Steve Russell: Intellectual property under Indian Arts and Crafts
"I’ve been having conversations with an Indian who is rightly concerned about a self-identified “Mohawk” with no tribal ties making a career out of selling fake indigenous artistic sensibility. I suppose the good news is that we are long past the time when the dominant culture would scoff at Indian intellectual property claims by arguing that Indians can’t produce intellectual property.

The Indian Arts and Crafts Act of 1990 is a splendid law dealing with a whole other area of exploitation, the proverbial “Hopi kachina” made in Taiwan or “Zuni fetish” from Hong Kong. IACA has the most robust remedies I’ve seen in a federal consumer law.

And it is a consumer law. It protects tribes from having certain cultural items misrepresented, but it also protects the people who want to buy Indian designed and Indian-produced arts and crafts.

Anybody can visit Palo Duro Canyon, since it’s a park now, and paint a portrait of Coyote howling in front of some recognizable rock. Palo Duro has a significance to the history of the Kiowa and Comanche peoples who once controlled the Southern Plains and some people believe that a Kiowa or Comanche artist might have more to say through the image of Coyote in that place. Other people think that all portraits of Coyote are the same and to claim otherwise is intellectual gibberish.

My purpose is not to take sides in artistic issues but rather to say that those who think a Kiowa or Comanche person brings something special to depicting Palo Duro and are willing to pay for that unique contribution of blood memory have a right to be certain that they are not being fooled about the fact of the tribal connection.

IACA contains both criminal and civil penalties but it is a pipe dream to think U.S. attorney offices will ever line up to prosecute on the criminal side of the docket while dealing with the “wars” on drugs and terrorism. The civil side is an untapped gold mine."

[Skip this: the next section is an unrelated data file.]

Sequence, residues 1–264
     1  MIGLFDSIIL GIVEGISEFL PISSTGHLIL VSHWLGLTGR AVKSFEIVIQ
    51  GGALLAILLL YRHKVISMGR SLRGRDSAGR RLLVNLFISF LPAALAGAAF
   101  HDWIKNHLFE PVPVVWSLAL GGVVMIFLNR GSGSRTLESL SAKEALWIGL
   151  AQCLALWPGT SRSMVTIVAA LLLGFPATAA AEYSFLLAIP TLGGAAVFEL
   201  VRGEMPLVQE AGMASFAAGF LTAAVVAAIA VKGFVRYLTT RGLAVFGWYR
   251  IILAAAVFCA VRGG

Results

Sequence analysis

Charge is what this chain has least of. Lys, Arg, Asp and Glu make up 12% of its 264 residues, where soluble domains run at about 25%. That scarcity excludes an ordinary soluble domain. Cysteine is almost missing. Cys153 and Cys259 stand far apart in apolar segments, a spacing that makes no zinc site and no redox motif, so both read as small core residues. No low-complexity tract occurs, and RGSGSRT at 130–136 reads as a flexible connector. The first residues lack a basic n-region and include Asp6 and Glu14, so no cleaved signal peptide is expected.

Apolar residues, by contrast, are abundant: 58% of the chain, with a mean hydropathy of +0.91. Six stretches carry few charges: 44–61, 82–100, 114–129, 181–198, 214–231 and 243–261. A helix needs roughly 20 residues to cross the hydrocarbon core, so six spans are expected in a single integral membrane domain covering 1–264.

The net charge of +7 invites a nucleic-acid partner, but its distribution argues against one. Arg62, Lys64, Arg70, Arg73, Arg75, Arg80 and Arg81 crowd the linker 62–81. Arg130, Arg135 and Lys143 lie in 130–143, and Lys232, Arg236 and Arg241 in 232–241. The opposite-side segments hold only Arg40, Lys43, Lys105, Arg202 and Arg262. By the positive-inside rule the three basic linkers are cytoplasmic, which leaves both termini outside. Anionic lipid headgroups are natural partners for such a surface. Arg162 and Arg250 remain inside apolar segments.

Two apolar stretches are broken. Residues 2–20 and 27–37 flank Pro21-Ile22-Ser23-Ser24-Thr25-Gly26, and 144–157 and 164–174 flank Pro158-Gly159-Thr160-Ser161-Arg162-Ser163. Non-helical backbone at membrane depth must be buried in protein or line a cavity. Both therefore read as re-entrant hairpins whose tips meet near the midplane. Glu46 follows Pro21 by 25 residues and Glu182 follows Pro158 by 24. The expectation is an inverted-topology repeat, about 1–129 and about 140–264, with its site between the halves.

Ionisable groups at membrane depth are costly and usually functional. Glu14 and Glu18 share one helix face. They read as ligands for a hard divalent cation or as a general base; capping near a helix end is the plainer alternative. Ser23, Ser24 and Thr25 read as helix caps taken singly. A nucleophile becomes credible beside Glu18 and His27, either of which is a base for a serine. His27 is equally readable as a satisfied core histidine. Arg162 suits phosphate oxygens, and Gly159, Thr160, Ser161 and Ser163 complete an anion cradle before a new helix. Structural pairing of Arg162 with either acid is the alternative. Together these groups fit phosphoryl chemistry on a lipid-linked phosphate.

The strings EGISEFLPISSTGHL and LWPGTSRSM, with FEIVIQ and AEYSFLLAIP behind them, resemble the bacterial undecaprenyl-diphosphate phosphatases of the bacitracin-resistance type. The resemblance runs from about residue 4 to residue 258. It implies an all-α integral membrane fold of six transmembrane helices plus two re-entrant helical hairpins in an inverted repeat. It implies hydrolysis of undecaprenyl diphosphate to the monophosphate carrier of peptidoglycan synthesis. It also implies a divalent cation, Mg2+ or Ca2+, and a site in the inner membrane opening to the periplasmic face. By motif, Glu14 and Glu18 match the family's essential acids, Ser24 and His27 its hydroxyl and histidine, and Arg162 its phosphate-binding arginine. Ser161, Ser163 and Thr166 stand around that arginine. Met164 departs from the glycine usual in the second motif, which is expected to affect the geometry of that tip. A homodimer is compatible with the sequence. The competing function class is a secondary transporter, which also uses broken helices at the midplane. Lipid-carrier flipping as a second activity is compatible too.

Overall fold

Get the Story:
Steve Russell: The difference between things and performances (Indian Country Today 9/22)

Related Stories:
Steve Russell: Iroquois Nationals took one for all of Indian Country (9/6)
Steve Russell: Indian mother takes on county over inmate suicide (8/6)
Steve Russell: Brown people should stay away from Arizona (5/24)
Steve Russell: Don't head to Arizona without your 'papers' (4/28)
Steve Russell: Tribes stronger standing together (11/13)
Steve Russell: Women behind all life's successes (10/15)
Steve Russell: Tribal governments must step up (7/3)
Steve Russell: Support for Native Hawaiians (6/16)
Steve Russell: Fighting the fake Indians in tribal court (6/5)
Steve Russell: Ward Churchill faces a third jury (5/28)
Steve Russell: Advice for a younger version of me (3/27)
Steve Russell: Accepting Obama on tribalism (2/27)
Steve Russell: Indian Country ripe for change (12/30)
Steve Russell: Indians slighted in every election (9/19)
Steve Russell: Being indigenous good for the fakers (9/5)
Steve Russell: Everybody knows everything (8/1)
Steve Russell: Family violence docket an ugly one (6/27)
Steve Russell: The Indian view on climate change (5/30)
Steve Russell: Odds and ends and current events (4/21)
Steve Russell: Addressing ethnic frauds (4/4)
Steve Russell: Struggles in an Indian education (3/14)
Steve Russell: Cherokee Nation and assimilation (2/29)
Steve Russell: Cherokee Nation breaks its word (2/8)
Steve Russell: Indian voters a voice for change (2/1)
Steve Russell: The Indian law Hall of Shame (1/11)
Steve Russell: Social capital in Indian Country (12/28)
Steve Russell: Cherokee constitutional crisis (12/14)
Steve Russell: The price of 'sovereignty' (11/23)
Steve Russell: Getting along in Indian Country (11/9)
Steve Russell: Life lessons from a poker game (10/26)